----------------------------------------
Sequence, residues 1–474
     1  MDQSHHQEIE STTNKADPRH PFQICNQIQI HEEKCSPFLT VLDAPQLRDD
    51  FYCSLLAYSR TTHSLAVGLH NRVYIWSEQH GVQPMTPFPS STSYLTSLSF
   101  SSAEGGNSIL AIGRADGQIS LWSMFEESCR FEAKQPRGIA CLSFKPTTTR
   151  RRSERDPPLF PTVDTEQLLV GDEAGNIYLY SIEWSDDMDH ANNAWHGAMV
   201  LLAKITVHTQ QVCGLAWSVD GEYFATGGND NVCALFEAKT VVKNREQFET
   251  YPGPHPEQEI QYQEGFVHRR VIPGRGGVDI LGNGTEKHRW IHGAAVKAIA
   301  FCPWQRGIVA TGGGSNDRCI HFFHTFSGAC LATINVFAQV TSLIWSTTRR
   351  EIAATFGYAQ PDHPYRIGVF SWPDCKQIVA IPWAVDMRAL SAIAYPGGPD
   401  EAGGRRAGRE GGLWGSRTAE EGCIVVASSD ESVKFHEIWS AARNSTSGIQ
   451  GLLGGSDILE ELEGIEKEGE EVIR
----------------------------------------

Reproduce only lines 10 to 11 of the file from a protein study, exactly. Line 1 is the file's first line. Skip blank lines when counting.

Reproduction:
   401  EAGGRRAGRE GGLWGSRTAE EGCIVVASSD ESVKFHEIWS AARNSTSGIQ
   451  GLLGGSDILE ELEGIEKEGE EVIR